This study shows that none of the single taxonomic groups (periphyton, macrophytes, macroinvertebrates, fishes) alone is a universally suitable indicator of the overall discrepancy in community structure upstream and downstream of weirs, yet they are widely used as indicators for the ecological status of aquatic ecosystems [e.g. macrophytes for the trophic status (Schneider & Melzer 2003); fishes for the ecological status in context of the European Water Framework Directive (WFD) (Dußling et al. 2005); periphyton for the ecological condition (Stevenson et al. 2008); macroinvertebrates for freshwater monitoring (Menezes, Baird & Soares 2010)]. The low congruence between the responses of different taxonomic groups to weirs is also supported by their individual and distinct responses to environmental gradients in other freshwater ecosystem studies (Heino 2010). For instance, Declerck et al. (2005) showed that different taxonomic groups in shallow lakes react individualistically to environmental gradients, and Heino et al. (2005) revealed similar results for running waters. Based upon similarity values, diversity measures, functional traits and multivariate community composition analyses, none of the four taxonomic groups studied was a more integrative and sensitive indicator of weir effects than others. The signal strength of weir effects on biological communities not only turned out to be dependent on the taxonomic group investigated but also differs strongly between rivers within taxonomic groups. This is mostly due to the stream-specific habitat structure, community composition, diversity and productivity, which have strong influence on the discriminative power of different taxonomic groups (Heino 2010).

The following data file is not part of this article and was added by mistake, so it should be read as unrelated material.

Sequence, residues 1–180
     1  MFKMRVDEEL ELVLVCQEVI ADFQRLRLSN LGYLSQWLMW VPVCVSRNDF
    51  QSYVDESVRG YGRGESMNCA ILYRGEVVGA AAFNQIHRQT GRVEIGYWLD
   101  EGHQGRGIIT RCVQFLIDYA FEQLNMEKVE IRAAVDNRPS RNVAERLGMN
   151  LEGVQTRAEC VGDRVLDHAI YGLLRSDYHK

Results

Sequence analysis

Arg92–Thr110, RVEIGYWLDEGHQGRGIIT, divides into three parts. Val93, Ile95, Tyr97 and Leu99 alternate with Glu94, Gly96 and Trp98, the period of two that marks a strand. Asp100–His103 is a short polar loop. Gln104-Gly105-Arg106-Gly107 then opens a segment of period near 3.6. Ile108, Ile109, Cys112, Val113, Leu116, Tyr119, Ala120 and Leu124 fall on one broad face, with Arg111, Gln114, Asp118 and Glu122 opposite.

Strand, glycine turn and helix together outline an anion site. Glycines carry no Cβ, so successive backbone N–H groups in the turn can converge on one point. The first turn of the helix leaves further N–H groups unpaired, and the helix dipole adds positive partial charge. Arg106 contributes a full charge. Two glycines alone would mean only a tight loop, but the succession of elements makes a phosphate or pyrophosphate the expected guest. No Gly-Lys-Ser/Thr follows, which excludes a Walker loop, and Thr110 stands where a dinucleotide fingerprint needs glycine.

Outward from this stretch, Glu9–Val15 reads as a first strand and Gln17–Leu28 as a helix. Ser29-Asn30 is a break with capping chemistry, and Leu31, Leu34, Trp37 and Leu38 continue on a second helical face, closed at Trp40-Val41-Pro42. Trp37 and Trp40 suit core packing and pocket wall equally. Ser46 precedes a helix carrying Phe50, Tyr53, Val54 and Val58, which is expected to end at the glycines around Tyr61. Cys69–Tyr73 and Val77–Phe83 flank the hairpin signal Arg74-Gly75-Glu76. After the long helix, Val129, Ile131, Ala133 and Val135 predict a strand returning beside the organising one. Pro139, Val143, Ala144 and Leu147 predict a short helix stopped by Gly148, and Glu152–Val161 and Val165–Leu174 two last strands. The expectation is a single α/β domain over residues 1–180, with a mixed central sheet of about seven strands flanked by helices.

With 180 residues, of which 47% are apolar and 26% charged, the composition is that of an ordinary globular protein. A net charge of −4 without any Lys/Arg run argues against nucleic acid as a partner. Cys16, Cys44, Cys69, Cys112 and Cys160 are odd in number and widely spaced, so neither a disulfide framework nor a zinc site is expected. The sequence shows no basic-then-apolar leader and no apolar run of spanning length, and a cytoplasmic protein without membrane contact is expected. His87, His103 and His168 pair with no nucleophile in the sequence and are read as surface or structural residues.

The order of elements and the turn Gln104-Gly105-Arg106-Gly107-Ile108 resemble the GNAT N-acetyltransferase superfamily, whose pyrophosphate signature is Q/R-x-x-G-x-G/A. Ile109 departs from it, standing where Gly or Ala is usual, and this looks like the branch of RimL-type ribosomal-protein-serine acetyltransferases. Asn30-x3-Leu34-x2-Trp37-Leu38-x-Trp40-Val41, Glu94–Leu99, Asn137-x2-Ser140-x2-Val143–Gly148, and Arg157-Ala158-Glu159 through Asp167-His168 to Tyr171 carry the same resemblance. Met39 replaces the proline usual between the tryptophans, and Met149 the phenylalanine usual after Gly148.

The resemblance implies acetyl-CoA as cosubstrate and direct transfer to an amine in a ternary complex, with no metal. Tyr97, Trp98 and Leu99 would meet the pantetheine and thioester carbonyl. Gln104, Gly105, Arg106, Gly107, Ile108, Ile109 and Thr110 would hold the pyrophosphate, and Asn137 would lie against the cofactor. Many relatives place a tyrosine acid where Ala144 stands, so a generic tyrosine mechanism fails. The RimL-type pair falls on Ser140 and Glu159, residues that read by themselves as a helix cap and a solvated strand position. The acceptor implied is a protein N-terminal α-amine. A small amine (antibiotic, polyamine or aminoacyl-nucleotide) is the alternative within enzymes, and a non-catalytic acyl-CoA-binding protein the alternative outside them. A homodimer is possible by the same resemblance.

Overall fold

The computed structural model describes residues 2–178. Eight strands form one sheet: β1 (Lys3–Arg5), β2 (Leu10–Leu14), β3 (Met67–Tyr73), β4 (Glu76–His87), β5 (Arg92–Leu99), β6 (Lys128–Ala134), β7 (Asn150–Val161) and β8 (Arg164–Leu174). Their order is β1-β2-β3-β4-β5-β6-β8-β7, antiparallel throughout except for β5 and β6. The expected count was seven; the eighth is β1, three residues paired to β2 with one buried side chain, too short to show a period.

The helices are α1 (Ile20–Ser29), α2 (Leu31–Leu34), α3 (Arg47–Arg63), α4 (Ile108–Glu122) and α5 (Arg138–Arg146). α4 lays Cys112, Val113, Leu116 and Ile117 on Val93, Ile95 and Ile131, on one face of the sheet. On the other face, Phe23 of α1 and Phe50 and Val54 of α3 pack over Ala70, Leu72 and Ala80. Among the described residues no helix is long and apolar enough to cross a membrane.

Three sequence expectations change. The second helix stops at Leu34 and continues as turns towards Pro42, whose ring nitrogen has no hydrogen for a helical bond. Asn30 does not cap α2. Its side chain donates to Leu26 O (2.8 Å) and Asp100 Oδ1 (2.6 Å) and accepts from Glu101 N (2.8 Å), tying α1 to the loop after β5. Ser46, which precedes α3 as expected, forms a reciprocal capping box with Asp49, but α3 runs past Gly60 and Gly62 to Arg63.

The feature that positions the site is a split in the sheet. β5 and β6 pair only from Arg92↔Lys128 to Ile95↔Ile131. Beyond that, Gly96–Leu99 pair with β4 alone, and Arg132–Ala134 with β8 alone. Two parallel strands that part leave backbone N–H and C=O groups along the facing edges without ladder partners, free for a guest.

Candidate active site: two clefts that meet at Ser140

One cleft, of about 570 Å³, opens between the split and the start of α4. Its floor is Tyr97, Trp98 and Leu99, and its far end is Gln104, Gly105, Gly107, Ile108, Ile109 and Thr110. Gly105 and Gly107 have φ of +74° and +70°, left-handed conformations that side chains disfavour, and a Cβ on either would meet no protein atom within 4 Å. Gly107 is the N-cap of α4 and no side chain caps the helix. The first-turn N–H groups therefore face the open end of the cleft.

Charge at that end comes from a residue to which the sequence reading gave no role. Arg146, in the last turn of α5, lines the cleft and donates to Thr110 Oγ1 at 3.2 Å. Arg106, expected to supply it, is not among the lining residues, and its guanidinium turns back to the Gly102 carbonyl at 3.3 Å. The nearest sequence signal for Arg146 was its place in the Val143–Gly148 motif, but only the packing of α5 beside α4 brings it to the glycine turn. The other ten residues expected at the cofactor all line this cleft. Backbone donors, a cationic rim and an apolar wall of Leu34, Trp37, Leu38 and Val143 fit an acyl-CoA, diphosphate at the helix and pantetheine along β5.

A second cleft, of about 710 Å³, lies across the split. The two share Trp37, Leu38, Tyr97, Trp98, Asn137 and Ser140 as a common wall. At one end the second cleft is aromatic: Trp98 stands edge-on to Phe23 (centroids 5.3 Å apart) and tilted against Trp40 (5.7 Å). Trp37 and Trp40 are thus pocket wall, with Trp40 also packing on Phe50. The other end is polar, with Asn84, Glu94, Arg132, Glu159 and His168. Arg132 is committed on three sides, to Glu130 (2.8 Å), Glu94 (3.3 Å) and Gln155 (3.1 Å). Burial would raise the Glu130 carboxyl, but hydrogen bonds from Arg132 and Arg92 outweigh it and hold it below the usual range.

Periphyton, which constitutes the basis of aquatic food webs (Vannote et al. 1980; Szabo et al. 2008), strongly depends on physical habitat characteristics (Soininen 2002; Müllner & Schagerl 2003). This is supported by our data where most physicochemical variables revealed significant correlation with periphyton community composition. Along with the different abiotic habitat conditions observed in the study streams, this finding can explain the differing suitability of periphyton as an indicator of weir effects in different rivers. For instance, in the comparatively deep and slow-flowing river Günz, cell counts of periphyton were 17-fold higher in the more shallow and high-current D compared with the U side. In the shallow and fast-flowing Leitzach, periphyton cell counts were on average threefold higher than in the Günz and only differed by a factor of 1·01 between D and U (Table 2).


In contrast to periphyton, macrophytes only occurred in some streams and only one species discriminated between D and U, which limits their use as a general indicator for weir effects. Only in two of the rivers (W, M), macrophyte diversity and abundance was high enough to detect differences between U and D, while differences in community composition were evident for the river S. However, as aquatic macrophytes can play an important role for habitat structure (Balanson et al. 2005), weir-induced alterations of the macrophyte community could affect the entire ecosystem in streams with high macrophyte dominance. This is evident from the strong correlation of macrophyte diversity measures with community composition of fishes and periphyton and of all taxonomic groups on species level.